All fields are optional, but type should usually be set since it describes the form of the data, and ndata must be an accurate count (possibly zero) of the number of bytes of data. A missing field is represented by an empty line.
The file is a sequence of rule sets, each of which is a set of one-line rules called patterns and actions. There must be at least one pattern and one action in each rule set. (The only exception is that a rule set may contain nothing but plumb to rules; such a rule set declares the named ports but has no other effect.) A blank line terminates a rule set. Lines beginning with a # character are commentary and are regarded as blank lines.
A line of the form
include filesubstitutes the contents of file for the line, much as in a C #include statement. Unlike in C, the file name is not quoted. If file is not an absolute path name, or one beginning ./ or ../, file is looked for first in the directory in which the plumber is executing, and then in /sys/lib/plumb.
When a message is received by the plumber, the rule sets are examined in order. For each rule set, if the message matches all the patterns in the rule set, the actions associated with the rule set are triggered to dispose of the message. If a rule set is triggered, the rest are ignored for this message. If none is triggered, the message is discarded (giving a write error to the sender) unless it has a dst field that specifies an existing port, in which case the message is emitted, unchanged, from there.
Patterns and actions all consist of three components: an object, a verb, and arguments. These are separated by white space on the line. The arguments may contain quoted strings and variable substitutions, described below, and in some cases contain multiple words. The object and verb are single words from a pre-defined set.
The object in a pattern is the name of an element of the message, such as src or data, or the special case arg, which refers to the argument component of the current rule. The object in an action is always the word plumb.
The verbs in the pattern rules describe how the objects and arguments are to be interpreted. Within a rule set, the patterns are evaluated in sequence; if one fails, the rule set fails. Some verbs are predicates that check properties of the message; others rewrite components of the message and implicitly always succeed. Such rewritings are permanent, so rules that specify them should be placed after all pattern-matching rules in the rule set.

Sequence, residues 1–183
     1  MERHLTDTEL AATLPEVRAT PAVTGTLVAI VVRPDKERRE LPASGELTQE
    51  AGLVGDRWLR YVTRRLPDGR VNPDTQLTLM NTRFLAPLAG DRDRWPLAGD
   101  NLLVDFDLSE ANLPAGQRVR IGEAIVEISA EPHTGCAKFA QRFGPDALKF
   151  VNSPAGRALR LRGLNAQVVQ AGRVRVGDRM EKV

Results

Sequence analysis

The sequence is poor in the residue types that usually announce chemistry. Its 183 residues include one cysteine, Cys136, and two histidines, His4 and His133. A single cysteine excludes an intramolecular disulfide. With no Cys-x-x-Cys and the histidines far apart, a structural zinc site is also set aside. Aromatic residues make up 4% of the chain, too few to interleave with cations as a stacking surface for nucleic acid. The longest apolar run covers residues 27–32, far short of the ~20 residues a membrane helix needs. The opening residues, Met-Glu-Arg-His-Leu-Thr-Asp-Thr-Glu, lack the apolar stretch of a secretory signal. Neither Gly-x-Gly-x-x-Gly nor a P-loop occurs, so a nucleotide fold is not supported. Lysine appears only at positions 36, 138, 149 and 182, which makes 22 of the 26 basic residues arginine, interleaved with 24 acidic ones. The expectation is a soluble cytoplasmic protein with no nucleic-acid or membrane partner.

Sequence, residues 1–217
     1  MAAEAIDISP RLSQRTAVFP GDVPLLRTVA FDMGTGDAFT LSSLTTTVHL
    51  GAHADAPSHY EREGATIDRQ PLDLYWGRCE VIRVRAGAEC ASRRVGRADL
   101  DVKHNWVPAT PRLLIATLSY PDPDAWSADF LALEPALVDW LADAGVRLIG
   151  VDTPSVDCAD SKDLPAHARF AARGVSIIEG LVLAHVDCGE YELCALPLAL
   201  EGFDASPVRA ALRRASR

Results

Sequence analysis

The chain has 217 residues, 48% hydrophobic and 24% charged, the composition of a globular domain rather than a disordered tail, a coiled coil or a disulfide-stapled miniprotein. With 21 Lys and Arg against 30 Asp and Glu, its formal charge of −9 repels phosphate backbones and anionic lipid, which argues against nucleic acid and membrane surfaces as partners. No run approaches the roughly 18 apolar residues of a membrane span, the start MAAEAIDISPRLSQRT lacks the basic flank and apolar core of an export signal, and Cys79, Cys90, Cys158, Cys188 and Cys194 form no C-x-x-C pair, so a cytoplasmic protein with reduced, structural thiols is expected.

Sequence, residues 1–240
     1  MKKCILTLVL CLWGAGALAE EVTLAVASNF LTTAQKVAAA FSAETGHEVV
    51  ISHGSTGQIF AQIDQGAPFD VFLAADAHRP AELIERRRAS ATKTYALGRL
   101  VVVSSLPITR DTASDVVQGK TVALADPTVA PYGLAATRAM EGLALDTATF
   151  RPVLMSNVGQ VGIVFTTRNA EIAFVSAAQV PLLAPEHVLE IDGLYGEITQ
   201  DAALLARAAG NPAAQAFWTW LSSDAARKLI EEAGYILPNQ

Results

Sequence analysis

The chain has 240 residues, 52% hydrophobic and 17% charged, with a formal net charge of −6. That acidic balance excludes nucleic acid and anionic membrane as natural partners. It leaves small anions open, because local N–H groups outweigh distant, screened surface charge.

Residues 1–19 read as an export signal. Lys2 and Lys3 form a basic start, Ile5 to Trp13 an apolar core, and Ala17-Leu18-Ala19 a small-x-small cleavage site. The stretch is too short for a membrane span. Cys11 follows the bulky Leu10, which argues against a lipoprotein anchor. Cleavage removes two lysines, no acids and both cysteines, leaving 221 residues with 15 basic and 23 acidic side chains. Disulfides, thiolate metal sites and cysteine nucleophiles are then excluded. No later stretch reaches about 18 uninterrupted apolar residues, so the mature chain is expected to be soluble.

The matches verb has special properties that enable the rules to select which portion of the data is to be sent to the destination. By default, a data matches rule requires that the entire text matches the regular expression. If, however, the message has an attribute named click, that reports that the message was produced by a mouse click within the text and that the regular expressions in the rule set should be used to identify what portion of the data the user intended. Typically, a program such as an editor will send a white-space delimited block of text containing the mouse click, using the value of the click attribute (a number starting from 0) to indicate where in the textual data the user pointed.
When the message has a click attribute, the data matches rules extract the longest leftmost match to the regular expression that contains or abuts the textual location identified by the click. For a sequence of such rules within a given rule set, each regular expression, evaluated by this specification, must match the same subset of the data for the rule set to match the message. For example, here is a pair of patterns that identify a message whose data contains the name of an existing file with a conventional ending for an encoded picture file:
data matches '[a-zA-Z0-9_-./]+' data matches '([a-zA-Z0-9_-./]+).(jpe?g|gif|bit|ps|pdf)'The first expression extracts the largest subset of the data around the click that contains file name characters; the second sees if it ends with, for example, .jpeg. If only the second pattern were present, a piece of text horse.gift could be misinterpreted as an image file named horse.gif.
If a click attribute is specified in a message, it will be deleted by the plumber before sending the message if the data matches rules expand the selection.
The action rules all have the object plumb. There are only three verbs for action rules:
The arguments to all rules may contain quoted strings, exactly as in They may also contain simple string variables, identified by a leading dollar sign $. Variables may be set, between rule sets, by assignment statements in the style of rc. Only one variable assignment may appear on a line. The plumber also maintains some built-in variables:
# these are generally in order from most specific to least, # since first rule that fires wins. addr=':(#?[0-9]+)' protocol='(https?|ftp|file|gopher|mailto|news|nntp|telnet|wais)' domain='[a-zA-Z0-9_@]+([.:][a-zA-Z0-9_@]+)*/?[a-zA-Z0-9_?,%#~&/\-]+' file='([:.][a-zA-Z0-9_?,%#~&/\-]+)*' # image files go to page type is text data matches '[a-zA-Z0-9_\-./]+' data matches '([a-zA-Z0-9_\-./]+).(jpe?g|gif|bit)' arg isfile $0 plumb to image plumb start page -w $file # URLs go to web browser type is text data matches $protocol://$domain$file plumb to web plumb start window webbrowser $0 # existing files, possibly tagged by line number, go to edit/sam type is text data matches '([.a-zA-Z0-9_/-]+[a-zA-Z0-9_/\-])('$addr')?' arg isfile $1 data set $file attr add addr=$3 plumb to edit plumb start window sam $file # .h files are looked up in /sys/include and passed to edit/sam type is text data matches '([a-zA-Z0-9]+\.h)('$addr')?' arg isfile /sys/include/$1 data set $file attr add addr=$3 plumb to edit plumb start window sam $file
The following simple plumbing rules file is a good beginning set of rules.
# to update: cp /usr/$user/lib/plumbing /mnt/plumb/rules editor = acme # or editor = sam include basic